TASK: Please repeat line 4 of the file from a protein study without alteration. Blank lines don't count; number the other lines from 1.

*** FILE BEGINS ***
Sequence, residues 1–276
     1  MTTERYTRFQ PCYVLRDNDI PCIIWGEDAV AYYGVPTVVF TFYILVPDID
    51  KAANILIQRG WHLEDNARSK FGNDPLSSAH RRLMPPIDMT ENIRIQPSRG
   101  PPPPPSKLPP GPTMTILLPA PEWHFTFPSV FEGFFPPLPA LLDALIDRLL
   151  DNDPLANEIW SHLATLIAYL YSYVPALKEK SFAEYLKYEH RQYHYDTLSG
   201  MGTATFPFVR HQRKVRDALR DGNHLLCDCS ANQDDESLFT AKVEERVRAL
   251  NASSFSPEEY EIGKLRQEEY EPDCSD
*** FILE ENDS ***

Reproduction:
   101  PPPPPSKLPP GPTMTILLPA PEWHFTFPSV FEGFFPPLPA LLDALIDRLL